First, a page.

Last week the Los Angeles Times published its view, one that questions the government's case: "There is no indication that consumers have suffered from this situation, as the government contends, or that breaking up the system … would bring the public any benefits."

"The Department of Justice is wasting its resources in pursuing an expensive antitrust lawsuit based on such shaky ground," according to the Los Angeles Times.

The Dallas Morning News says the government does not have a case against MasterCard and Visa. The Boston Globe says the government is right to investigate whether "consumers are getting the best the credit card industry has to offer."

The Tennessean says the government has a strong case that needs to proceed. But an op-ed in the Washington Times written by Larry Chimerine, senior vice president and chief economist of the Economic Strategy Institute, says it is troubling that "the lawsuit arises out of the thwarted ambitions of a highly successful competitor."

Mr. McKinley of CardWeb said that if too much hype is funneled from the card associations, it could boomerang.

"A few months ago, Visa got some backlash from going around to editorial boards trying to paint this as an Amex thing," Mr. McKinley said. "They're overreacting, because I don't think the public really cares about it, or understands it. There's not a swell here of bad feelings from consumers to anybody in the business, at this point."

The general misunderstandings and ambivalence about the trial certainly cannot be traced to any lack of effort from Visa, MasterCard, and Amex to promote their sides of the case. Both Visa and MasterCard have set up satellite press offices focused solely on the trial - MasterCard's is called the "litigation communications center," Visa's is the "Visa media center" - and have hired extra hands to serve as antitrust spokespeople.

Every day, Visa vice president Kelly Presta distributes his synopsis of the daily proceedings. MasterCard has started a weekly newsletter, MasterCard Litigation News, with headings such as "Government smart card star witness on Amex's payroll."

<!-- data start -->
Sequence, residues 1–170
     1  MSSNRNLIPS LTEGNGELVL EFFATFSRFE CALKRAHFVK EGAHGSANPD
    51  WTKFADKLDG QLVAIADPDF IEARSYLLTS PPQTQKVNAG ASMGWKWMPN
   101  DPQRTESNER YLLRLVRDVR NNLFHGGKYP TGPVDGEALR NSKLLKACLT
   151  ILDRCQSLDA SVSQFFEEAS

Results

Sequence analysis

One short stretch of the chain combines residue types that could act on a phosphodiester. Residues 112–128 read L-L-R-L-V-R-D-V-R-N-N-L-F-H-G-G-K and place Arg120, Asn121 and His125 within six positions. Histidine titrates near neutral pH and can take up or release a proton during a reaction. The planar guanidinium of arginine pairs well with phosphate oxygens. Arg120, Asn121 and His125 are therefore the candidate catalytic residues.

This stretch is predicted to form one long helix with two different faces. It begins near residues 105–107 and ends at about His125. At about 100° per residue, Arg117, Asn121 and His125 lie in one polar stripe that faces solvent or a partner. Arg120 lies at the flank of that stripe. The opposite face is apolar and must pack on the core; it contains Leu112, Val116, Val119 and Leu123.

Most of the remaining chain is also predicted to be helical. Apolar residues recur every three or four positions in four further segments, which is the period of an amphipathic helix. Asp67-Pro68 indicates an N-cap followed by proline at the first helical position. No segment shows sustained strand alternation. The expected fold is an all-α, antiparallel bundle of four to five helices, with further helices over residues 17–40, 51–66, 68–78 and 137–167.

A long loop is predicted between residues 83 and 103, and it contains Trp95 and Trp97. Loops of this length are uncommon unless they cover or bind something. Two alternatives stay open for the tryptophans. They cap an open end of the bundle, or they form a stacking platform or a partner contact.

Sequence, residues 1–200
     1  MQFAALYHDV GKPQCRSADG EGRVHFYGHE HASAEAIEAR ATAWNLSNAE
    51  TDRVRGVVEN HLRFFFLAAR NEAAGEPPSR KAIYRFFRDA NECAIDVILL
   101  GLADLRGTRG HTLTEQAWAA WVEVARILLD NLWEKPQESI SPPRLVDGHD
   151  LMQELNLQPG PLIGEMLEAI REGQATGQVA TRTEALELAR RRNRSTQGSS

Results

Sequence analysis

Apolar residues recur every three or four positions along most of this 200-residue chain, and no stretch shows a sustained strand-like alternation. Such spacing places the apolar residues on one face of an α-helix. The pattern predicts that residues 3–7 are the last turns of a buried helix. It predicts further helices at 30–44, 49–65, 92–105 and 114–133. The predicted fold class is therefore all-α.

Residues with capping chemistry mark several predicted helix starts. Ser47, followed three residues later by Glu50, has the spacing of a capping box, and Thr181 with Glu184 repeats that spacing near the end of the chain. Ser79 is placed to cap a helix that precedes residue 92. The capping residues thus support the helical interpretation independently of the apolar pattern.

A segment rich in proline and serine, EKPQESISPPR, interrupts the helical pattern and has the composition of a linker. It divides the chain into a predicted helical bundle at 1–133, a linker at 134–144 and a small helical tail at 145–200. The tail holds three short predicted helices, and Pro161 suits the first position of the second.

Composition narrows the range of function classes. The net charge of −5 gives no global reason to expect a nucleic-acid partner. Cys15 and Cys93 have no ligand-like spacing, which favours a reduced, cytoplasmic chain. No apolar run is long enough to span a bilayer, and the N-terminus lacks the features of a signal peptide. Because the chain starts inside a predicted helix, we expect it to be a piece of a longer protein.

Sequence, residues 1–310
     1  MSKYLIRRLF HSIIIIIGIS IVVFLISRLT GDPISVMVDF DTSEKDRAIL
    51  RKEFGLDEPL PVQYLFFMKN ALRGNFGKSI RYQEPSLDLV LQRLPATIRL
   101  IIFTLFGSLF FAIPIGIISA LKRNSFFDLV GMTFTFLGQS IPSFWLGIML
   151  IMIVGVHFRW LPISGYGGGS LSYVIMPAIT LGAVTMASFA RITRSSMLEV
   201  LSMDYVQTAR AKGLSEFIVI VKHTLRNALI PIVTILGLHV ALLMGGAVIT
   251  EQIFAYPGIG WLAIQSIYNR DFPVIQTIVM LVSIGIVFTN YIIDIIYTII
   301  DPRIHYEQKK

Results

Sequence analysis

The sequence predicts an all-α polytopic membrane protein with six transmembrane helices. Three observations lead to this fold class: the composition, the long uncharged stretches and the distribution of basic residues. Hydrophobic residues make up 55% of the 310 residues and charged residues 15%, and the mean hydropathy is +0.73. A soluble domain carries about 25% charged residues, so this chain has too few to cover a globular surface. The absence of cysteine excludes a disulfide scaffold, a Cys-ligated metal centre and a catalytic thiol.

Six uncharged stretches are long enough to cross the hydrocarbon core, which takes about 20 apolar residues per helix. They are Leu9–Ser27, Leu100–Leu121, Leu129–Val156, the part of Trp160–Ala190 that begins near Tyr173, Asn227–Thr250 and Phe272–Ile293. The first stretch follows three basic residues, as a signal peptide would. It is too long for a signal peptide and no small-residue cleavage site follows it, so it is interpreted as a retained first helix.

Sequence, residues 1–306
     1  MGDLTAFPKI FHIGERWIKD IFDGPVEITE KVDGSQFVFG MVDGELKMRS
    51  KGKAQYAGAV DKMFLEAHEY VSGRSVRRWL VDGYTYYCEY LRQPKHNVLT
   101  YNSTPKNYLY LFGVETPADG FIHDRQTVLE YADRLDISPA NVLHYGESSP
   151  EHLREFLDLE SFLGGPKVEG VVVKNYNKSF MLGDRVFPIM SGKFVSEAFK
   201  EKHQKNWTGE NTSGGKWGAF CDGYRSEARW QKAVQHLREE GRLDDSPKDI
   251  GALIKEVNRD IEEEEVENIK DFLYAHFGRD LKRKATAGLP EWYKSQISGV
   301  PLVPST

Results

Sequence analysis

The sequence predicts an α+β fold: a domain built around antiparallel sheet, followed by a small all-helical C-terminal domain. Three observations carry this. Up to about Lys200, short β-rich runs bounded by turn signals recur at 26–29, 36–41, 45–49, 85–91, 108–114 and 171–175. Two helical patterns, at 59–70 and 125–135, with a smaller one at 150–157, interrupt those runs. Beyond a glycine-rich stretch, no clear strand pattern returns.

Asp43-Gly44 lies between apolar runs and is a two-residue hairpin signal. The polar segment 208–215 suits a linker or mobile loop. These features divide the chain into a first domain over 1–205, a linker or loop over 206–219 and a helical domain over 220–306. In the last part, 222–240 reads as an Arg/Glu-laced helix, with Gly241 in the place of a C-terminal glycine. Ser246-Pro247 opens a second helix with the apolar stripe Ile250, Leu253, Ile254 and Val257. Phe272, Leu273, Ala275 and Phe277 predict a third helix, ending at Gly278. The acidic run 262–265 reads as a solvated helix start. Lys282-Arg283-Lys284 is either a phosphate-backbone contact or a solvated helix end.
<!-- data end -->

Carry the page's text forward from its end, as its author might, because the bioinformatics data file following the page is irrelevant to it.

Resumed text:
All sides have been trying their best to play the victim. "This is two bullies getting together in the schoolyard against one another, and we've called the police and alerted them to it," said Michael O'Neill, an Amex spokesman.

Perhaps their efforts are misdirected. Anita Boomstein, a partner at Hughes, Hubbard & Reed in New York who specializes in credit card law, said consumers need to be told how the credit card industry really works: that the associations promote the brands, but do not issue the cards or decide the terms of the cards.

"I don't think consumers recognize the distinction that banks issue MasterCard or Visa," Ms. Boomstein said. "There's too much buzz by people who don't clearly make that known."

While consumer interest in the antitrust case may be low, it has not stopped the parties involved from doing everything they can to influence it. Last week a press release was issued by an organization called Americans for Consumer Education and Competition, which described itself as a nonprofit organization and attempted to call attention to an advertising campaign it had run in the Wall Street Journal about the trial.

Nowhere did the press release or the advertisements mention that the group, created last month, is funded entirely by Visa U.S.A. (It is mentioned on the group's Web site.)

Former congresswoman and television anchor Susan Molinari is now a spokeswoman for Americans for Consumer Education and Competition. She said Visa's name does not appear in the full-page ads because "that would infer that we're running all this by Visa, and we're not."

The ads also quote a number of passages from different newspaper articles, but do not say whether or not the articles were editorials. One quote from the Miami Herald says, "This lawsuit isn't about competition. It's about market share. More precisely it's about American Express' lack of market share."

Mr. O'Neill of Amex called the ads and accompanying press release "a desperate tactic."

"It's particularly noteworthy that they didn't reveal their Visa association," he O'Neill said. "They're desperate; they're trying so hard to change the subject, but everyone can see through it."

Mr. McKinley of CardWeb said this tactic is nothing new in the card industry. Amex pulled a similar maneuver in 1987, secretly funding a newsletter called Bank Credit Card Observer in advance of its Optima card launch.

"Visa has pulled out the American Express playbook here," Mr. McKinley said.